She sat down next to me on the first day of the trip, as the van was leaving Seattle. In those first few days when strangers are thrown together information was exchanged quickly, in order to find common ground and establish some sort of rapport. – PE teacher, working in Kuwait, so can’t go out easily. She hated the dust. Her dress, and at times her manor, was that of a tomboy. Common ground was found in education, but conversation strayed a little too closely to matters of faith and she stiffened.
Leaving Jackson, Wyoming later in the trip was the next time the opportunity for discussion was had. At the back of the van we discussed photography.
Jackson is the gateway to the Teton and Yellowstone National Parks. I had spent the previous day in and out of the many art galleries in the town, looking at the huge range of photographic images taken around the location – stunning light, breathtaking views carefully crafted to lead the eye in. Some were indeed beautiful, others just ordinary and after a whole day of looking I was getting bored. Then I found a book by a photographer called Kathe Le Sage entitled One Woman’s Montana. Her images were muted, simple and inviting. They offered more depth, than just a perfectly lit view of the land we had been driving through. The images were raw, held nothing back from the imperfections and challenges of life in this wild place. They told me stories and they were beautiful.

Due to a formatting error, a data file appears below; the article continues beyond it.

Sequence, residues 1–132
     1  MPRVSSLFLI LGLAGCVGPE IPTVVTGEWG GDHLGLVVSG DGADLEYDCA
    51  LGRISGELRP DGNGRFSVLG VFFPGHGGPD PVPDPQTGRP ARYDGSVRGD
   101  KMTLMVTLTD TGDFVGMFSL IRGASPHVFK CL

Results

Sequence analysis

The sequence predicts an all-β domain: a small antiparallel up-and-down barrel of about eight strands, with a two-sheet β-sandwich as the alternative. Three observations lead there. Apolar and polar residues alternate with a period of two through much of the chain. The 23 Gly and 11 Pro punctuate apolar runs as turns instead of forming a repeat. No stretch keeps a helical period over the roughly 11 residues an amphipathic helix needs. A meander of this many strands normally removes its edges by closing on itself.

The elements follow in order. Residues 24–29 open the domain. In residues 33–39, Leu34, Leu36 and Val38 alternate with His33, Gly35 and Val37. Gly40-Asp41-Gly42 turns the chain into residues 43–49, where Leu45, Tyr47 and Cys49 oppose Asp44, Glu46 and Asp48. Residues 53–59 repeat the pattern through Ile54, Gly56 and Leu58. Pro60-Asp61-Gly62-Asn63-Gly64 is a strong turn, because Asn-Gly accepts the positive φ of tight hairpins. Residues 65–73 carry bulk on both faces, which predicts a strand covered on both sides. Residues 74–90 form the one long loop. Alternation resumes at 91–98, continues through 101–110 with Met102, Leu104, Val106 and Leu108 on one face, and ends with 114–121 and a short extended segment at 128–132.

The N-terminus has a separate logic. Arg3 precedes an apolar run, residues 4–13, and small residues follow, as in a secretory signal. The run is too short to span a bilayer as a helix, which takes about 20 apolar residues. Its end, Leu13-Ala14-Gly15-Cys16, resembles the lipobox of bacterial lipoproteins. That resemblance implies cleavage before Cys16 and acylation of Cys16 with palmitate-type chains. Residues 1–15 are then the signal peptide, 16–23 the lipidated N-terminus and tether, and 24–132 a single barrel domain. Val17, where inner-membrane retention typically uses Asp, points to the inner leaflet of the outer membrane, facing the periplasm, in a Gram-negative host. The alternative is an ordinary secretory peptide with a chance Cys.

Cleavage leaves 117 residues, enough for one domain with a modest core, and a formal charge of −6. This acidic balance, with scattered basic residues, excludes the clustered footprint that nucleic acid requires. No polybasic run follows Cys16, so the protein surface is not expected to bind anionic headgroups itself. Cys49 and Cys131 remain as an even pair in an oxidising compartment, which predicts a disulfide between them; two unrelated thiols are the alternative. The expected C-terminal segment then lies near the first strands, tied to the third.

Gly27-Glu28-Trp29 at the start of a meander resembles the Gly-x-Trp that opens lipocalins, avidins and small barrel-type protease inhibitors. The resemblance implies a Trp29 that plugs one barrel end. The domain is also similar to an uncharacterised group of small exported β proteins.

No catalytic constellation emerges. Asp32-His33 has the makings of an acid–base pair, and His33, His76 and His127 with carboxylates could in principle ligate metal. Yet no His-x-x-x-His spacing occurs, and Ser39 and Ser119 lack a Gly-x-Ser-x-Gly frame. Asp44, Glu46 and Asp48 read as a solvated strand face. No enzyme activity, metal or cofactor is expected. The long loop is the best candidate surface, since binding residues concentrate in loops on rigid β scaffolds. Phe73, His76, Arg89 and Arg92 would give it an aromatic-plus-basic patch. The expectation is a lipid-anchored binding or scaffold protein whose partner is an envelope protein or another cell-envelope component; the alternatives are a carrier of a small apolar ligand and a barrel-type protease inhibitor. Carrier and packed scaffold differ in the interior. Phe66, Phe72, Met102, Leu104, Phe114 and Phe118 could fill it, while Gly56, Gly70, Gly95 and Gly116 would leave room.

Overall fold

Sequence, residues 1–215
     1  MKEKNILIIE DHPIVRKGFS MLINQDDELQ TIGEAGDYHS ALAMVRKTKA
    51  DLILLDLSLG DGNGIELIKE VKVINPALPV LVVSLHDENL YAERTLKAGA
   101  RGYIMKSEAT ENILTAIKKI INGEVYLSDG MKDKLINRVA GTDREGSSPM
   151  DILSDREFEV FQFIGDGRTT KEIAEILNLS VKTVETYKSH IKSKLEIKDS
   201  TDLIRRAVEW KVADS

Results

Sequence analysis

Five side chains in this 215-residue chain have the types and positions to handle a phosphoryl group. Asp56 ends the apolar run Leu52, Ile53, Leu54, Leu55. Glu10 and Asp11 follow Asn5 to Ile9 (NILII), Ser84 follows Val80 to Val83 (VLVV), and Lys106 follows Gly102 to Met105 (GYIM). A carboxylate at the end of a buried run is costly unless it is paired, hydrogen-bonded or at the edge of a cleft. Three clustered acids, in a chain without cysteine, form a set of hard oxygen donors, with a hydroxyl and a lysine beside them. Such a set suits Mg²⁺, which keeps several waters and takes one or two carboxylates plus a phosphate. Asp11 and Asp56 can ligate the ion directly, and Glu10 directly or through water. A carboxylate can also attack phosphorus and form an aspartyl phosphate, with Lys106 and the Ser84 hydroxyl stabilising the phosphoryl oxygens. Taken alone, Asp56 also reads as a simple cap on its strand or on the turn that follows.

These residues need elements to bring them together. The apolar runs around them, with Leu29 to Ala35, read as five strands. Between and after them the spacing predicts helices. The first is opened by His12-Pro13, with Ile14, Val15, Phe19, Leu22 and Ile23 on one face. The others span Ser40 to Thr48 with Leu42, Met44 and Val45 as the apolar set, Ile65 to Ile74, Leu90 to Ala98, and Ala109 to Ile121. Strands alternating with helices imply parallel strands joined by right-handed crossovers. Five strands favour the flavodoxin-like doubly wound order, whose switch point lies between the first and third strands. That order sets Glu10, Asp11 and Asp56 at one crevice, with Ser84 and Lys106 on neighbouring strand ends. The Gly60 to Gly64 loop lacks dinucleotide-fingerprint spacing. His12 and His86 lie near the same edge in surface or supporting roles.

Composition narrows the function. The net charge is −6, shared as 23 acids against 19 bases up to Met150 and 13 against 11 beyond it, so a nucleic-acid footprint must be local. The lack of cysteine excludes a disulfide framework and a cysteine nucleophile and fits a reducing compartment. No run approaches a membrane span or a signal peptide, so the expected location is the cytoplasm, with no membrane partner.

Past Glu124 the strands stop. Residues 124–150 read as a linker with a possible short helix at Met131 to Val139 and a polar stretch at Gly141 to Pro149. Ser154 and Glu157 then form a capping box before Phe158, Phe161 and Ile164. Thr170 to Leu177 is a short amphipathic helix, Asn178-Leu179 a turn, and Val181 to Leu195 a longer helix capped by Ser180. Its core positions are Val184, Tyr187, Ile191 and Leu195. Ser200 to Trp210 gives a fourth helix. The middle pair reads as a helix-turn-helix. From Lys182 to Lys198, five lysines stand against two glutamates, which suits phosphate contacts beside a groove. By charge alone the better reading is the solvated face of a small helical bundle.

‘Is photography something you just do, or can you learn how to take pictures?’ she had asked.
‘You can learn the techniques,’ I replied ‘then you have to develop your own style.’ I showed her the book. ‘This is what I aspire to’
We talked long and hard. The conversation moving swiftly from art to music, where we found greater commonality – Ben Harper, Ray La Montagne, Damien Rice. The IPODs were furiously exchanged. She introduced me to American Folk music; I gave her Dougie MacLean, a Scottish folk musician. From there we moved to Sci-Fi and the brilliance of Battlestar Galactica. What a brave decision to stop after only 4 seasons and not go on forever like The X-files. The foolish decision by ABC to cancel ‘Firefly’ and what was the name of the film they made from the TV series? Serenity.
The 400 miles through Idaho and on to Lake Tahoe flew by.
‘I never pegged you as a sci-fi nut.’ She said as we crawled out of the van.
‘Yea, I’m a closet trekkie really!’ I replied.
After two days we had a more beautifully crafted image of each other’s lives, than just a view.